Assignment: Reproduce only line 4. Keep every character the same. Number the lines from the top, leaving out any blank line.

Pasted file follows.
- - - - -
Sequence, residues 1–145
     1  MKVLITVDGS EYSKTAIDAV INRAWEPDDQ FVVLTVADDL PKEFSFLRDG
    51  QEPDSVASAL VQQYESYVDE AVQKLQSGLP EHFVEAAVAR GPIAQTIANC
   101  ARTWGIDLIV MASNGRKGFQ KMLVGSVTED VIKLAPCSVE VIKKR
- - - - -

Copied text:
   101  ARTWGIDLIV MASNGRKGFQ KMLVGSVTED VIKLAPCSVE VIKKR